If you do an online search for the phrase “economic growth” you can find millions of website references. We sometimes take the notion of growth as a metric for society for granted. On this episode, we talk with Stevienna de Saille about her new co-authored book, Responsibility Beyond Growth: A Case for Responsible Stagnation.…
 
Social scientists attempt to make sense of the lives that human beings live in the world. That often means trying to put individual lives into the larger context of the world beyond daily routines. On this episode of The Measure of Everyday Life, we talk with Jessica Eise of Purdue University, a researcher who confronts macro-level changes as they …
 
Up until recently, women have faced important technology limitations in terms of options to increase safety for intercourse. That has changed recently, though. On this episode, we talk with Ariane van der Straten of the Women’s Global Health Imperative at RTI International and faculty member at the University of California, San Francisco, about wom…
 
During the COVID-19 pandemic, visiting a doctor has been complicated. Some have turned to telehealth technology, which has existed for a while but has not been widespread historically. That might be about to change. On this episode, we talk with Saira Haque of RTI International about how telehealth might change the future of your interactions with …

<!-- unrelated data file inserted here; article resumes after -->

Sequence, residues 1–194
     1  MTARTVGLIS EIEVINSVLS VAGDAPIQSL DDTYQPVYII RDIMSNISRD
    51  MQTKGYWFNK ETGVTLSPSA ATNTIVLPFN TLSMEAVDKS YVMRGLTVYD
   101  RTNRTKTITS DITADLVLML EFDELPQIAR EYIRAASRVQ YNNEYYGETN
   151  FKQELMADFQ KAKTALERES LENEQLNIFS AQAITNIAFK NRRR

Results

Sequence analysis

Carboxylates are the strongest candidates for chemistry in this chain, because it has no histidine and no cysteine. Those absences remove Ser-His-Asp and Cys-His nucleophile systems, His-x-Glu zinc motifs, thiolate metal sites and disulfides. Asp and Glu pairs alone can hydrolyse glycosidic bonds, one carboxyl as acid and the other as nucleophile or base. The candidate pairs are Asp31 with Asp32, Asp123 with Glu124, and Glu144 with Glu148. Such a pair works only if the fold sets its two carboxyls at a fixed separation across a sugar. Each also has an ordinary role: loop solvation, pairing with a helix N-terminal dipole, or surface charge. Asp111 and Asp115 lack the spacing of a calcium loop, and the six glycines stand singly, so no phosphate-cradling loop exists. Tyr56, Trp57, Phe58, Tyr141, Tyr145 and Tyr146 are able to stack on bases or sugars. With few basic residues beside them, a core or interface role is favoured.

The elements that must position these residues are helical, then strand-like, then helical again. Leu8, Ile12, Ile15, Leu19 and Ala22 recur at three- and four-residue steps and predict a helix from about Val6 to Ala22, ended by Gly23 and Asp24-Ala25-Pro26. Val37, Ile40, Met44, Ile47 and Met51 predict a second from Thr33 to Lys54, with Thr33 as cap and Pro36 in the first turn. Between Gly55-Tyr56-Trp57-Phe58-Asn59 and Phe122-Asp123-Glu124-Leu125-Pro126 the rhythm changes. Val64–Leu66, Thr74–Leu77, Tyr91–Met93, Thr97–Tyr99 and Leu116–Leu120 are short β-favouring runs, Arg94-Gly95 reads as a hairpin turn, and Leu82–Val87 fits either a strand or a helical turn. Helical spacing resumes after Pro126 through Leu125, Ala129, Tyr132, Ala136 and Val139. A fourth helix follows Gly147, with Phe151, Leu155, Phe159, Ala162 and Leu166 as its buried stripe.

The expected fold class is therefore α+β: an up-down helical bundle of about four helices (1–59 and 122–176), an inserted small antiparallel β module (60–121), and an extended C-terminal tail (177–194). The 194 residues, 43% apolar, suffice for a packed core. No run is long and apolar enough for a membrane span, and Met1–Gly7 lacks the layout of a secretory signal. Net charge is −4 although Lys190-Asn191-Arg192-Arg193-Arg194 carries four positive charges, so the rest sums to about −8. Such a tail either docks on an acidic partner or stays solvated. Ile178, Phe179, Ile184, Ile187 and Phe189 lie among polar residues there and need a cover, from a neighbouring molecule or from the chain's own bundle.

During the pandemic, much of our collective attention has been focused on COVID-19. But people continue to face a wide range of health challenges. One of those has been the experience of sickle cell disease, a disease that affects many people and their families and yet which hasn’t always received widespread attention. On this episode, we bring tog…
 
Discussions about leadership in organizations have been going on for a long time and we also are starting to see some of those discussions come to the fruition. On this episode, we talk with Kurt Merriweather of The Diversity Movement and Walk West and Tamara Terry, a researcher at RTI International and chair of the new Inclusion and Equity Committ…
 
Our world is influenced constantly by forces operating on small scales beyond what we can see with our naked eyes. New advances in nanotechnology offer potential promise for the future as well as raising concerns for some. On this episode, we talk with Khara Grieger of North Carolina State University about her work on public understanding of nanote…
 
As the COVID-19 pandemic has unfolded, it has not been difficult to find news headlines noting striking disparities between demographic groups. Such headlines alone do not tell us the whole story, though. On this episode, researcher LaShawn Glasgow of RTI International discusses her new essay on health disparities for Health Affairs.…